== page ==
On the other hand, anyone who, being present at the adjuration ( Leviticus 5:1 the Revised Version (British and American)), refused to come forward as a witness when he had testimony to bear, was considered to have sinned (  Proverbs 29:24 ). Among those not qualified to be witnesses were the near relations of the accuser or the accused, friends and enemies, gamesters, usurers, tax-gatherers, heathen, slaves, women and those not of age ( Ṣanhedhrı̄n 3 3, 4; Rō'sh Ha - shānāh 1 7; Bābhā' Ḳammā' 88a; compare Ant. , IV, viii, 15). No one could be a witness who had been paid to render this service ( Bekhōrōth 4 6). In cases of capital punishment there was an elaborate system of warning and cautioning witnesses. Each witness had to be heard separately ( Ṣanhedhrı̄n 5; compare 3 5). If they contradicted one another on important points their witness was invalidated ( Ṣanhedhrı̄n 5).

No oath was required from witnesses. The meaning of  Leviticus 5:1 was not that witnesses had to take an oath, as some think; it describes the solemn adjuration of the judge to all those with knowledge of the case to come forward as witnesses (see Oath ). When a criminal was to be put to death, the witnesses against him were to take the foremost share in bringing about his death ( Deuteronomy 17:7; compare  Acts 7:58 ), in order to prove their own belief in their testimony. In the case of a person condemned to be stoned, all the witnesses had to lay their hands on the head of the condemned ( Leviticus 24:14 ). "False witnessing" was prohibited in the Decalogue ( Exodus 20:16 ); against it the lex talionis was enforced, i.e. it was done to the witness as he meant to do to the accused (  Deuteronomy 19:16-21 ). The Sadducees held that only when the falsely accused had been executed, the false witnesses should be put to death; the Pharisees, that false witnesses were liable to be executed the moment the death sentence had been passed on the falsely accused ( Maḳḳōth 17). In spite of prohibitions, false witnessing was a very common crime among the people ( Psalm 27:12;  Psalm 35:11;  Proverbs 6:19;  Proverbs 12:17;  Proverbs 14:5;  Proverbs 19:5;  Proverbs 24:28;  Matthew 26:60;  Acts 6:13 ).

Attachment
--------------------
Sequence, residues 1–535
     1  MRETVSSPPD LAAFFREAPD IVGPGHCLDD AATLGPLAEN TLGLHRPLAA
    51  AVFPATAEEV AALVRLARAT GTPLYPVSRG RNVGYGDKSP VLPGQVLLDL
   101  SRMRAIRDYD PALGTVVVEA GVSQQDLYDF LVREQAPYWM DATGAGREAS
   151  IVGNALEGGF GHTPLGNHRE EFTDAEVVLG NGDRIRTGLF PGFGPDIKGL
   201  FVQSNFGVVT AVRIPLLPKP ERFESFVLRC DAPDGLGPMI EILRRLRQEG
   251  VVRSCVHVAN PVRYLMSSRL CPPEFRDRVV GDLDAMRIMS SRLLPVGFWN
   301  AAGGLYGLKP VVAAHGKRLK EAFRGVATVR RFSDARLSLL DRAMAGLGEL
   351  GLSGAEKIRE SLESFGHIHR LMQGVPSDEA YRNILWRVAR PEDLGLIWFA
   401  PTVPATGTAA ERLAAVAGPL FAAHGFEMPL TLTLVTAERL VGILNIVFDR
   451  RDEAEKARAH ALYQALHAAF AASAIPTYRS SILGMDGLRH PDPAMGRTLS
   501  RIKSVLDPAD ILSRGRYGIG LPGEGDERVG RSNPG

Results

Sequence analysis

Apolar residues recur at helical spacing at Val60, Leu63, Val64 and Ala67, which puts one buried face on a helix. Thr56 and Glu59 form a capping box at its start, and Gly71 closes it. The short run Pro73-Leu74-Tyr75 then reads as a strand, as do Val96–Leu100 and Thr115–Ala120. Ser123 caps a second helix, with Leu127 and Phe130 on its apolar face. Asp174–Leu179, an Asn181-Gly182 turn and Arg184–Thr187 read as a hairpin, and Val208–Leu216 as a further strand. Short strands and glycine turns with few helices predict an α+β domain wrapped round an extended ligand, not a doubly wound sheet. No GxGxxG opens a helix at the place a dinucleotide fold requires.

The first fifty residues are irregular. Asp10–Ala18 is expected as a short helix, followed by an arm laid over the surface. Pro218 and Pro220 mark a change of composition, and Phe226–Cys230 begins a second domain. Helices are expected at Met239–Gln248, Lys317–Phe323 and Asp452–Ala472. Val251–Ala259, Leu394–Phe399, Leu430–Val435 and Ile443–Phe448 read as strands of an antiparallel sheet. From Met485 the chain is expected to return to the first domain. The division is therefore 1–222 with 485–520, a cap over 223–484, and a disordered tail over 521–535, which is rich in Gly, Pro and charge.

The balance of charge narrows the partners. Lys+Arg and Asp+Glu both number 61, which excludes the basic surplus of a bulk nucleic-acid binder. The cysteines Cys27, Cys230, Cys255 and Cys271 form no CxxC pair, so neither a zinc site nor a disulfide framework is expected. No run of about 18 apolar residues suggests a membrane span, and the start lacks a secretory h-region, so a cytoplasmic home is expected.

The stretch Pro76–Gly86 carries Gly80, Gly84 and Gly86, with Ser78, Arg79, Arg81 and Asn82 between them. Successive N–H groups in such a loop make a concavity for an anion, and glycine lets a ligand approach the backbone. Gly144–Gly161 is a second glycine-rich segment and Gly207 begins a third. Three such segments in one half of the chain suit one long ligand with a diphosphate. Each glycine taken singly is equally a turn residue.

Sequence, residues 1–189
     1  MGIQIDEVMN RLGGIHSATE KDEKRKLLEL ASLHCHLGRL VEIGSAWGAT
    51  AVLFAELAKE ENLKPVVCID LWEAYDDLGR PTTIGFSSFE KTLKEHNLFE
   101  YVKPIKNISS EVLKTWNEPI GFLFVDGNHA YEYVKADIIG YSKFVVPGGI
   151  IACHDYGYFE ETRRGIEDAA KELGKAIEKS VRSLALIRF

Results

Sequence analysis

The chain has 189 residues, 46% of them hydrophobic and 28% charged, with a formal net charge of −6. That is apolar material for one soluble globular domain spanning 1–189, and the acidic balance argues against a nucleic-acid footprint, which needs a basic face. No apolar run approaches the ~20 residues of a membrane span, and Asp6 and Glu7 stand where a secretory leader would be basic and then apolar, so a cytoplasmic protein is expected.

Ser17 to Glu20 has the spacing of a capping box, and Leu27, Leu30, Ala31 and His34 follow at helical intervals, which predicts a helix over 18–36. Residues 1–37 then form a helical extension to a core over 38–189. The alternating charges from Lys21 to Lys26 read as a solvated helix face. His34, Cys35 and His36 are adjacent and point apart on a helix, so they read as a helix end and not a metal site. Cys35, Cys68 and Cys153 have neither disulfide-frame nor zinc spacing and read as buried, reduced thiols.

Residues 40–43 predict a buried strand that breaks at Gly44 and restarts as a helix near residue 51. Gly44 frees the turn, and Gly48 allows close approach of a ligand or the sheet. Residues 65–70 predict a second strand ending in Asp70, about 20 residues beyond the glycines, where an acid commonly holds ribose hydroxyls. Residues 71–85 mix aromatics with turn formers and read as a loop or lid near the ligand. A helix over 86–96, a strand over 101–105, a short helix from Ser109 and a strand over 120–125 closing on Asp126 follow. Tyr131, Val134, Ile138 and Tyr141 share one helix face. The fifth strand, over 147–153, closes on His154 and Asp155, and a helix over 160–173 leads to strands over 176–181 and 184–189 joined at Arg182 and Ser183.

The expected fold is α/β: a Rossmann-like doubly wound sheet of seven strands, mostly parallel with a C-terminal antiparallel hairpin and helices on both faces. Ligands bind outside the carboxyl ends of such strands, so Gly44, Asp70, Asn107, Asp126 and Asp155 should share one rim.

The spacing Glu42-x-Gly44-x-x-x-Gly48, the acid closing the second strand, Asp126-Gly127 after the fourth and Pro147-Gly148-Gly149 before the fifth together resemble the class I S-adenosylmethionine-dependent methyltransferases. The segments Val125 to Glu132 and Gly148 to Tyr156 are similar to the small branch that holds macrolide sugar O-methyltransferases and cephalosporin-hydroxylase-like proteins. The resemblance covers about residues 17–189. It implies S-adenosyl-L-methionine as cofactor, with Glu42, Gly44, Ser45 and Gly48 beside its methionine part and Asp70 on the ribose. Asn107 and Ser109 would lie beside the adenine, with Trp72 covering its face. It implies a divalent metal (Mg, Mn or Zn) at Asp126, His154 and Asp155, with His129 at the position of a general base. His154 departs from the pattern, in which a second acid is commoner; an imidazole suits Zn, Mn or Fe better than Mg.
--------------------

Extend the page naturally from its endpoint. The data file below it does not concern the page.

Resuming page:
In  Acts 22:20;  Revelation 2:13;  Revelation 17:6 the word martus , "witness", seems to be beginning to acquire the meaning of "martyr," as in the King James Version, although the Revised Version (British and American) translates "witness" in the first two passages, retaining "martyr" only in the third with "witness" in the m. For "Tabernacle of Witness" see Tabernacle .

Kitto's Popular Cyclopedia of Biblial Literature [16]

It occurs, first, in the sense of a person who deposes to the occurrence of any fact, a witness of any event. It means a judicial witness in ; ; ; (comp. ; ; ; ); ; ; ; ; ; . It is applied, generally, to a person who certifies, or is able to certify, to any fact which has come under his cognizance (; ; ; ; ; ; ; ; ). So in allusion to those who witness the public games (). It is also applied to anyone who testifies to the world what God reveals through him (). In the latter sense the Greek word is applied to our Lord (; ). It is further used in the ecclesiastical sense of martyr.